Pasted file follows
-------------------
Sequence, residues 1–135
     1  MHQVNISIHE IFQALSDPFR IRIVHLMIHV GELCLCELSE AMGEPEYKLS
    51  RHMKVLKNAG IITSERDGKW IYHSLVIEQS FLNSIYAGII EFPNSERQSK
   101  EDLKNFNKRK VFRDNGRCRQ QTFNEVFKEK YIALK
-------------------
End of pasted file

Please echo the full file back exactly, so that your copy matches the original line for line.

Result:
Sequence, residues 1–135
     1  MHQVNISIHE IFQALSDPFR IRIVHLMIHV GELCLCELSE AMGEPEYKLS
    51  RHMKVLKNAG IITSERDGKW IYHSLVIEQS FLNSIYAGII EFPNSERQSK
   101  EDLKNFNKRK VFRDNGRCRQ QTFNEVFKEK YIALK